LETTER TO THE EDITOR | The Encampment is a Repeat of History

To the Editor: 

Re: “Students Stage Pro-Palestine Encampment on the Arts Quad” (news, April 25)

35 years ago I was involved in another divestment movement at Cornell — that of divesting from South Africa’s Apartheid regime. It was my first experience of political activism, and much of what is happening now appears to be repeating what happened then albeit with an added element of racial/ethnic tension. We built a shantytown on the Main Quad, held protests in front of various buildings, invaded the President’s office and disrupted a Board of Trustees meeting. Did it influence Cornell’s investment policy? To this day, I do not know.

LETTER TO THE EDITOR | The Letter from Professors Weaponizes Expertise

To the Editor:

Re: “On Language, Misinformation and Divisiveness” (letters, April 29)

In an April 29 letter to The Sun, a group of Cornell professors opposed the University’s condemnation of the chant “there is only one solution, Intifada Revolution” on the grounds that the University’s statement was “based on a failure to understand the literal and historical meaning of an Arabic word, intifada.” Their argument attempts to divorce the word “intifada” from its well-understood meaning within the Israeli-Palestinian conflict and, in so doing, give the air of academic legitimacy to a pro-terrorism chant.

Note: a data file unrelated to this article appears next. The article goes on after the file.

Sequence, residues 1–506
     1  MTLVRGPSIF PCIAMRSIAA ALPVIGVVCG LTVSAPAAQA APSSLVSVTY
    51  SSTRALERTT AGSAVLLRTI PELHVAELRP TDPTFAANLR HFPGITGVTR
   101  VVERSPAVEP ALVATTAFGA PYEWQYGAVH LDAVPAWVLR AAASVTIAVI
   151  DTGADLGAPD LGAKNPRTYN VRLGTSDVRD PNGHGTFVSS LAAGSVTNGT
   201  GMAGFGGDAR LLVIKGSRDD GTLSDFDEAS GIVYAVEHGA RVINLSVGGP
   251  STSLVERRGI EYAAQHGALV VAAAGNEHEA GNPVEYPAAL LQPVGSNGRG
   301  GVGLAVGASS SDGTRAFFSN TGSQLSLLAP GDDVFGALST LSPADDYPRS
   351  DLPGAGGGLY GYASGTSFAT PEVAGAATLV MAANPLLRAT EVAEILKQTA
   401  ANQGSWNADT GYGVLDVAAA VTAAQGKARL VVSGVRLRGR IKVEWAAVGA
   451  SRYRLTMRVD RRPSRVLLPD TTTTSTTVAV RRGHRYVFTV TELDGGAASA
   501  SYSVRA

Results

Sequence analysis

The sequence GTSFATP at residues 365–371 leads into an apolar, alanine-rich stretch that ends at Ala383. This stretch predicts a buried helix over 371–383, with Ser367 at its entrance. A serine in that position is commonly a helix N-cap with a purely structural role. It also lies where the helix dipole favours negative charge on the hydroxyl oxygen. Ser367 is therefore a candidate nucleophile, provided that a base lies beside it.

There are many examples of words with general meanings that take on specific meaning when applied to specific historical events.  For example, the word “holocaust’” has a literal meaning (a burnt sacrifice), but a very different meaning in the context of World War II.  Likewise, the word “intifada” has a specific meaning in the context of the Israeli-Palestinian conflict. The specific historical periods that the word “intifada” refer to are the First and Second Intifadas, which took place from 1987-1993 and 2000-2005, respectively.  While both intifadas were characterized by Palestinian terror attacks against Israelis, the Second Intifada was a particularly painful and scarring period.  Over 1,000 Israelis were killed, largely in random acts of terrorism that were meant to make everyday life in Israel psychologically traumatizing (such as suicide bombings in buses, Passover seders, restaurants and markets).  As one article puts it:

Mind-numbing terrorism made it scary to ride a bus, nerve-wracking to send kids to school, a psychological effort to take the family downtown for a falafel. Everyone eyed fellow passengers warily on the bus at one time or another during these years – especially fellow passengers wearing coats on a sunny day – wondering if they may be hiding explosives. But according to the professors, considering the meaning of “intifada” in the context in which it is being used is wrong.  To use the term properly, they instruct readers to  “reach out to subject matter experts … for education on matters related to Arabic, Hebrew, Turkish or Persian language …”  In other words, reach out to them.  

Their expertise, however, is questionable.  A closer look into the professors’ suggested readings for those interested in “expert” opinion on the intifadas reveals not only their false expertise, but also their real agenda. 

One of their suggestions is “The Second Palestinian Intifada: A Chronicle of a People’s Struggle” by Dr. Ramzy Baroud.  An initial look at Dr. Baroud’s website reveals that he is no dispassionate scholar of the Middle East. He routinely writes about Israel’s lack of a right to exist or defend itself.  Even more shockingly, Dr. Baroud taped a video of himself on Twitter with the words “What Happened on October 7th and Why We Should Not Apologize for Palestinian Resistance” written on the screen.  In the video, Dr. Baroud claims, “…